The house where we lived when I was in middle school and high school was in a new development (well, new back then). We were one of the first families to move in. The house to our right was purchased by a confirmed bachelor – very nice guy, engineer, with a wonderful dog.
His confirmed bachelor days ended pretty soon after he moved in when he got married. Several years later, they welcomed their first child, a boy. A few years after that, they had twins. One day, after I had my own car and drivers license, his wife asked if I could drive her and the twins to the airport – she had to change out a ticket (this was before the Internets, people!). We loaded up the car with me, her, the kids and all of their paraphernalia and headed out.
While she was inside dealing with the ticket, I sat out in the car with the children (this was also pre-9/11 so you could still park your car at the curb of the airport). As an only child, I had limited exposure to little kids when I was older, so I was exceedingly uncomfortable having two screaming infants in my car even for a few minutes. What would I do if they really started crying? How would I explain it to some authority figure as to why I had two screaming children? I could do calculus, but I couldn’t do babies. Talk about poster children for birth control!
My neighbor must have seen how uncomfortable I was with two screaming infants, because when we got home again and the children were safely ensconced, she tried to reassure me by saying, rather condescendingly, that “you’ll feel differently when you have you’re own.”
All I could think was, “Fat chance, lady!” I couldn’t even see to my high school graduation, let alone having children. I was, to put it mildly, not entirely convinced back then that I would get married, let alone pop out some progeny. Ambivalent didn’t even begin to describe what I was feeling (I think “militantly anti-child” was closer to the truth).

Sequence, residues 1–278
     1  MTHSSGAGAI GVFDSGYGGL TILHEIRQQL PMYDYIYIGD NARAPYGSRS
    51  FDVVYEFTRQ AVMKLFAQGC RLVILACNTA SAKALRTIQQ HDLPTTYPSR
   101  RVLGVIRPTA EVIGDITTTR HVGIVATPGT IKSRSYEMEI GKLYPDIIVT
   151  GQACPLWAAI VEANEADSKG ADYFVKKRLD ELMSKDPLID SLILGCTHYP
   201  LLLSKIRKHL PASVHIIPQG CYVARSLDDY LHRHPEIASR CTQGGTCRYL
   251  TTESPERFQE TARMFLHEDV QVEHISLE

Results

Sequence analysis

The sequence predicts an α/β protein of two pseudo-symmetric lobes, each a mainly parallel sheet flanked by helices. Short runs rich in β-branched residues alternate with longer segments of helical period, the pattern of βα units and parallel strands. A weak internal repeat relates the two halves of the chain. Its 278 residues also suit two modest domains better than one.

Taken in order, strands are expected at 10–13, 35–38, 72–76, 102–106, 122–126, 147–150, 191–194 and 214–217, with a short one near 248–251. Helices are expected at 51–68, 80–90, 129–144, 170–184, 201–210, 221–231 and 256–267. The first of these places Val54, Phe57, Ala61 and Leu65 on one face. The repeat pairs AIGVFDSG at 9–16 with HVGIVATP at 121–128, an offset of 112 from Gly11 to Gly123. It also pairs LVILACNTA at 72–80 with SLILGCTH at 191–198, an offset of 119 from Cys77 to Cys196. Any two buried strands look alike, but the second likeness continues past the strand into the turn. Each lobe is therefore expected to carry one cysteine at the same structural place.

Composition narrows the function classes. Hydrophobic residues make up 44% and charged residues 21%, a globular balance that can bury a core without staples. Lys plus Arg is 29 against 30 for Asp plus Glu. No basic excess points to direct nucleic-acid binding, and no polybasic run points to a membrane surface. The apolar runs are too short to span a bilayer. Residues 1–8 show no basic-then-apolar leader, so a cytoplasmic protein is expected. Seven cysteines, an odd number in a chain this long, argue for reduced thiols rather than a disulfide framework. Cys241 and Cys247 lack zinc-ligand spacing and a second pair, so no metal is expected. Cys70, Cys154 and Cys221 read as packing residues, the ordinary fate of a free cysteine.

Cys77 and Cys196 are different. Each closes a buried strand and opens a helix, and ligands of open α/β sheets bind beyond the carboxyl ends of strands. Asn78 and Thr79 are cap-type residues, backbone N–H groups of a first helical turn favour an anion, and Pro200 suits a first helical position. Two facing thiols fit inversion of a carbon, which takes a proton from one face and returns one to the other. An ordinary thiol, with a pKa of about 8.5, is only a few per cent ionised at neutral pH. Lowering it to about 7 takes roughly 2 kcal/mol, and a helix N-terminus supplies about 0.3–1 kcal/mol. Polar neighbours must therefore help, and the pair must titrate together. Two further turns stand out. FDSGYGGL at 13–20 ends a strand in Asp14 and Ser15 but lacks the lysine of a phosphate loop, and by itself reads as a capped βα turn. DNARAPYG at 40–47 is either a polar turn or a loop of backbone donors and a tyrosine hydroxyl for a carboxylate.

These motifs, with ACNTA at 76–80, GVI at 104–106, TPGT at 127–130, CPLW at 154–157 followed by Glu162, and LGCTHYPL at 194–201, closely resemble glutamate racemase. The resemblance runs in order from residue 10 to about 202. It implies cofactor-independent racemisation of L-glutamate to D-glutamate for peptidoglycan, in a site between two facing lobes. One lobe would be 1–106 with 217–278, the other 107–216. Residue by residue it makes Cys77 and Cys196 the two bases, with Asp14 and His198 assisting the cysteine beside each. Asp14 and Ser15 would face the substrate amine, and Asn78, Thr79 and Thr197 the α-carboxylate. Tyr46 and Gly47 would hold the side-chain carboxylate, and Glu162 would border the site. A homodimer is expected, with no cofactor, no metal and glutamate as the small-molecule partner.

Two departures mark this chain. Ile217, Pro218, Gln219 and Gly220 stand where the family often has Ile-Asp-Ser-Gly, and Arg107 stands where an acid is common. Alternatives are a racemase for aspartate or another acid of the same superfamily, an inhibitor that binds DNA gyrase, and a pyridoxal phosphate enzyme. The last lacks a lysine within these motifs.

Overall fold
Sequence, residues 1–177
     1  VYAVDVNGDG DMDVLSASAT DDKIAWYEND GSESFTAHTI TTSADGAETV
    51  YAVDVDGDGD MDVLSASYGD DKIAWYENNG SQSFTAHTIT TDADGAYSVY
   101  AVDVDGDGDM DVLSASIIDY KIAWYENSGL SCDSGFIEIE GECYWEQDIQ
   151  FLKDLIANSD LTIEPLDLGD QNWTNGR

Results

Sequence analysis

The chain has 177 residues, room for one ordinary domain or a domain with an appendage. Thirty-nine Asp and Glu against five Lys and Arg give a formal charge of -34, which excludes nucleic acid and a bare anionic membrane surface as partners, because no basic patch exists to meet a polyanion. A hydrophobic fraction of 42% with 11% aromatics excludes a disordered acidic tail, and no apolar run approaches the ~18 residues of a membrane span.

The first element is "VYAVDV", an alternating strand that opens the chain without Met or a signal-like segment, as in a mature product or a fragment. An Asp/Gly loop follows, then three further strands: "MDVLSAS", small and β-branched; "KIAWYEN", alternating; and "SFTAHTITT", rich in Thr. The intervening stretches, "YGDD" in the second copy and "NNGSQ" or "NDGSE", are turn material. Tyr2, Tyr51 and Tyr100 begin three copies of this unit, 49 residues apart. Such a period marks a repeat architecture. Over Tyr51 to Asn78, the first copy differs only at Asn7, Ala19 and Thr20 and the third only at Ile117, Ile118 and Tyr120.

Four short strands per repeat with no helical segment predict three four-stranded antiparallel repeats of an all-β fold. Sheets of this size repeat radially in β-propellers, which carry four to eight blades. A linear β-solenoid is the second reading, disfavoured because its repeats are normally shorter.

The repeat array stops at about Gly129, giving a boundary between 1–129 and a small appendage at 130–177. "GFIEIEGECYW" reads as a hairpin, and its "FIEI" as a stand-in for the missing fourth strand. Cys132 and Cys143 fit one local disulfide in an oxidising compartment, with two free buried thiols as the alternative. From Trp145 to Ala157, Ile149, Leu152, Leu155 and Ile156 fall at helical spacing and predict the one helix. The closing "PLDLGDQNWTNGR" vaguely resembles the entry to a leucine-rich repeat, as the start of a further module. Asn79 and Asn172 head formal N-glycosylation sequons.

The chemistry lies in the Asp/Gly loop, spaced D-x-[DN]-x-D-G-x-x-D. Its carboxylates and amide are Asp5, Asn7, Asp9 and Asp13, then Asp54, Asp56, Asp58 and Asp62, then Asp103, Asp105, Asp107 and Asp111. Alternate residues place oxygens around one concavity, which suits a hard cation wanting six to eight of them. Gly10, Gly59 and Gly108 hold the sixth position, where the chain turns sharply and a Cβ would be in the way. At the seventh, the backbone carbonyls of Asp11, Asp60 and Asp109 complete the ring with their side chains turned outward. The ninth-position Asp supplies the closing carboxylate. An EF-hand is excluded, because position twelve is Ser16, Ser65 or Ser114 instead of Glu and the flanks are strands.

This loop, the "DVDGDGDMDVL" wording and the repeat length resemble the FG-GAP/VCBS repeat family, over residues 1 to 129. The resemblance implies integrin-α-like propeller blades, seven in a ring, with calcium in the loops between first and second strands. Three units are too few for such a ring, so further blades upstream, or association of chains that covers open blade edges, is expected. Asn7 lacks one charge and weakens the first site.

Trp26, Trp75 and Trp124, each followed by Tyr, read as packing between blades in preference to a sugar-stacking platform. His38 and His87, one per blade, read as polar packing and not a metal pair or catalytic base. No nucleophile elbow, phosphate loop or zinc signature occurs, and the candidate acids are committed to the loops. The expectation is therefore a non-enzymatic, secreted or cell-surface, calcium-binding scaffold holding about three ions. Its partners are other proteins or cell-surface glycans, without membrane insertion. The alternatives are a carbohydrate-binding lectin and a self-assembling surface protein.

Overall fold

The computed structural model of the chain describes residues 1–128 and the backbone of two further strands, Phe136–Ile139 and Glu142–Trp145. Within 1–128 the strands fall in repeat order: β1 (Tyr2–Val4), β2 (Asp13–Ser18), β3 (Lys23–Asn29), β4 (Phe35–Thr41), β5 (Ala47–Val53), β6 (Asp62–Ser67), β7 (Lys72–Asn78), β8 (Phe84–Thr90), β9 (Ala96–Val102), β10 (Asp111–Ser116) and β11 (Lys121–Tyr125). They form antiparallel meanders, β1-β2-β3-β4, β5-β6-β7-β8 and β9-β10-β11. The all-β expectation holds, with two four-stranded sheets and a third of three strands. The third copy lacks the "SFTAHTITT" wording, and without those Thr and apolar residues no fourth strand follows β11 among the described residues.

See, I was not one of those kids who a) knew they would have kids or b) even wanted them. I hated playing with dolls, playing house or planning my dream wedding. At the same time, I wasn’t exactly a tomboy. I was just me: bookish, but quirky, with a love for Chuck Taylors and a wicked CD collection.
By the time I met Sweetie, I still wasn’t entirely sold on the idea of having children. I was in my first year of graduate school and trying to keep my head above water. Of course, our talk came around to this topic generally. I tried not to freak him out too much so I just simply said, that I didn’t really know if I wanted them. In later years, he claimed that I was adamant about not having children and I explained to him that I wasn’t adamant, I just didn’t want to scare him off by even bringing up the topic.
The thing is, I didn’t decide that I wanted children, until I met the man I wanted to have them with. He was the first man that I had dated who I even could picture myself having children with and who would be a good father. So for me, deciding to have children was less a function of my biological clock than it was a function of totally changing my mind. At the same time, I don’t know if all of me has caught up – I still catch myself at restaurants with screaming children being thankful that they aren’t mine, or that I can still sleep in if I want to, go out on a moment’s notice, etc.
Maybe I will feel differently when it is one of my own.
Thank you to everyone who posted with their thoughts on how to break my funk. Each of them made my day a little brighter. Yesterday was better – I had a great day with my mom and we didn’t talk at all about my infertility. It was nice to have a normal conversation. We went to the fabric store to show off the quilt I made, then grabbed some lunch, and headed to my favorite consignment store, finally stopping at a cross-stitch store that I hadn’t been to. It was really nice.